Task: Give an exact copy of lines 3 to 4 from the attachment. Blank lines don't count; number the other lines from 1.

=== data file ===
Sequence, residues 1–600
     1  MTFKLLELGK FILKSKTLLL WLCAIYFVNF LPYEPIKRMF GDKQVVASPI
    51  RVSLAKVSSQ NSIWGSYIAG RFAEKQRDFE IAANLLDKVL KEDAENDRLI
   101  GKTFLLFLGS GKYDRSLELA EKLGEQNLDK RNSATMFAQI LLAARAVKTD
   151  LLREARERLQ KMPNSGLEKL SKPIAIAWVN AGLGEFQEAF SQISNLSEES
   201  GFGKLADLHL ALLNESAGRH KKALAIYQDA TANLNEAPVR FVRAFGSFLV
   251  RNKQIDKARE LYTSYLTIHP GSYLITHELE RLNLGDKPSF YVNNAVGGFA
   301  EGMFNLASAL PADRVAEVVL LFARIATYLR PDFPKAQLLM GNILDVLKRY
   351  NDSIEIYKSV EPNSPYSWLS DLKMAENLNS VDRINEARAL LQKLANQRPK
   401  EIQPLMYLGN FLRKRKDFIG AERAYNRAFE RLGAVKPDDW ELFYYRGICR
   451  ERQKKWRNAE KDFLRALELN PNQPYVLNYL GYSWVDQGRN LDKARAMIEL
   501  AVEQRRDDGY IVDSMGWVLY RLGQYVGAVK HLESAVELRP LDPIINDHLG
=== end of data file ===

    51  RVSLAKVSSQ NSIWGSYIAG RFAEKQRDFE IAANLLDKVL KEDAENDRLI
   101  GKTFLLFLGS GKYDRSLELA EKLGEQNLDK RNSATMFAQI LLAARAVKTD